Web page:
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Improving emotional wellness for students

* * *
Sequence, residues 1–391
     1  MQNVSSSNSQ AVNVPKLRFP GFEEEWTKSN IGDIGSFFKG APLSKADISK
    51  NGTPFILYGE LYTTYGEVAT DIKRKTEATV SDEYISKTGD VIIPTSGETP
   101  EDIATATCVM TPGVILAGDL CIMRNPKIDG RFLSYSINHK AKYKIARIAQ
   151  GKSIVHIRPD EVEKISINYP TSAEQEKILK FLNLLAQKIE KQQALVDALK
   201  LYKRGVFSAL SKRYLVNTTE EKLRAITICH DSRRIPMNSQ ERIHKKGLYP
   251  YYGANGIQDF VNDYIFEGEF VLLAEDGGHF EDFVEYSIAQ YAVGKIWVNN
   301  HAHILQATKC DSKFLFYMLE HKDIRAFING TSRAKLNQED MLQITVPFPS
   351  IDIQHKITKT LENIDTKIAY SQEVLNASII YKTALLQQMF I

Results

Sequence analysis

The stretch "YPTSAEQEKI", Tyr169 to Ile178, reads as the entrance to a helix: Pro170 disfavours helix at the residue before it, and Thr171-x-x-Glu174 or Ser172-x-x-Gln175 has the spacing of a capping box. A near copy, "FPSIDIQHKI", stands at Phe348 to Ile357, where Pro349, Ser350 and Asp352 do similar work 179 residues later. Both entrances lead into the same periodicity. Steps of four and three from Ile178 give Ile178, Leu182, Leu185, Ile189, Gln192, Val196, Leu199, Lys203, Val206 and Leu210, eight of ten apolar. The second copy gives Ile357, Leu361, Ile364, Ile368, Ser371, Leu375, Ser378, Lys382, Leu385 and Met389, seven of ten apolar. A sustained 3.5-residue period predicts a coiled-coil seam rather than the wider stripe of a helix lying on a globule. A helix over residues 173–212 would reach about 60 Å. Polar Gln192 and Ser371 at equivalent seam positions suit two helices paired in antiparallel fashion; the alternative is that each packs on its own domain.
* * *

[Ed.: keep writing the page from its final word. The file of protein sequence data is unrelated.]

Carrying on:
first_imgAfter completing a 15-month inquiry, a special task force on student mental health this week released eight recommendations for ways the University can improve emotional wellness on campus by addressing a mix of academic, social, and institutional issues.The Task Force on Managing Student Mental Health was convened by Provost Alan M. Garber in February of 2019 to begin assessing and responding to significant increases in both student self-reports of mental health issues and the subsequent use of related services — upticks that reflected a national trend in higher education.“The Task Force has thoroughly examined the challenges that our students were facing even before the COVID-19 pandemic upended their lives,” Garber said. “The needs highlighted by this report — for greater connection, for wider adoption of and help with self-care, for more accessible support in dealing with everyday struggles as well as mental health conditions, and for better coordination of mental health strategies across the University — are made even more pressing by the uncertainty and isolation that everyone experiences now. At a time when mental health and well-being demand more of our attention than ever, the report points us toward steps we can take now.”The Task Force began its work by looking at existing data, gaining a solid understanding of the nature of mental health concerns among Harvard students. The group itself was large, consisting of 46 individuals from across the University’s Schools and units as well as outside experts. And it was diverse, including psychologists, psychiatrists, academics, experts on running institutions, and professionals who provide one-to-one support for students facing mental health issues, undergraduate and graduate students, and faculty members.“Our investigation confirmed that Harvard students are experiencing rising levels of depression and anxiety disorders, and high and widespread levels of anxiety, depression, loneliness, and other conditions,” wrote co-chairs Mario Small, Emma Dench, and Matt Nock. “In addition, undergraduates reported high levels of stress, overwork, concern about measuring up to peers, and inability to maintain healthy coping strategies. Extracurricular activities, rather than providing unqualified relief, often represented another source of competition and stress. Graduate and professional students reported high levels of isolation, uncertainty about academic and career prospects, and, among those in Ph.D. programs, financial insecurity and concerns about their relation to advisers. Students at all levels reported a lack of clarity about when, how, and where to seek help with potential mental health concerns. The problems we identified were not universal, but were sufficiently widespread to merit action.”After identifying and describing the scope of issues, the Task Force turned its attention to making suggestions for improvements. And while the project was not conceived as one that would be ongoing, the report points to the need for a continuing study of the community’s evolving needs and the resources necessary to meet them.The recommendations include:Tasking a small team within the Provost’s Office to work on student affairs University-wide. This team would coordinate the implementation of recommendations across the University and facilitate further study of issues where the Task Force was only able to scratch the surface.Launching a one-year campaign focused on mental health awareness and culture change, with the goal of cultivating an environment in which students feel encouraged and empowered to care for their mental, physical, and emotional well-being.Instituting a yearly messaging program focused on core elements of the first campaign.Creating a committee to explore ways to make Counseling and Mental Health Services (CAMHS) more accessible. These would include continuing to examine wait times and recent efforts to ensure a diverse and culturally sensitive counseling staff, while also exploring the potential of digital assessments and interventions.Examining how the University can address holistically issues of mental health, sexual climate, inclusiveness, isolation, and sense of belonging.Addressing any institutional service gaps that may have been created by recent organizational changes. The Task Force noted the importance of ensuring that CAMHS coordinate closely with the new Academic Resource Center of the Faculty of Arts and Sciences (FAS) to ensure a seamless flow between the two entities.Creating a committee in FAS to explore how to reduce the stress caused by the process of competing for entry into extracurricular activities. The report notes that the practice of “comping” for clubs and extracurricular activities emerged throughout its research as a major stressor for undergraduate students. And while some competition may be necessary for certain clubs, there is space for making it less onerous and encouraging the creation of noncompetitive alternatives.Providing clear guidance and mentoring support to faculty and graduate students to ease the potential stress caused by adviser-advisee relationships. The report details the importance of these ties to graduate students’ careers and recommends several measures including 1) adopting an advising structure that diffuses power rather than concentrating it with one adviser; 2) clarifying expectations through the development of clear “rights and responsibilities” guidelines and workplace expectations; 3) encouraging mentorship training for faculty; 4) examining how hiring, promotion, and annual evaluation processes can be used to encourage better mentorship; and 5) considering the implications of student financial need for mental health.The Task Force met as a group for the last time in March. In the intervening months much has changed, including the spread of the COVID-19 pandemic and the events triggered by the death of George Floyd. It is anticipated that these, along with other, as-yet unforeseen events, will continue to alter the landscape of mental health at Harvard, and only increase the need for innovative programming. Provost convenes task force to address students’ psychological well-being “It is clear to us that the dramatic disruptions to social life created by the pandemic will affect, and in some cases worsen, the problems we have identified,” wrote the co-chairs. “Economic stress, high unemployment, social isolation, loss of life, and many other conditions produce grief, stress, loneliness, despair, and more. The University has and must continue to respond, both in the short term and in the long term.” And while the Task Force finished its work prior to the worldwide spread of COVID-19, the co-chairs “believe that our recommendations will prove essential for the University to implement as part of any response, not only to help understand the landscape in which the crisis reached us, but also to inform how to take the steps needed to return to some measure of normality.”“Our current challenges due to the COVID-19 pandemic further accentuate the role of mental health and well-being in the student experience,” said Harvard University Health Services Executive Director Giang Nguyen. “All of us — students, faculty, and staff — are facing these challenges in different ways; as a community, it is so important for us to support each other, even if we are not in the same physical space. Students from marginalized communities have been hit particularly hard — our BIPOC [Black, indigenous, and people of color], LGBTQ, international, first-gen, low-income, and other minority students will need targeted support. The work of the Task Force is more important than ever.” A proactive response as student mental health issues increase at Harvard and nationwide Relatedlast_img read more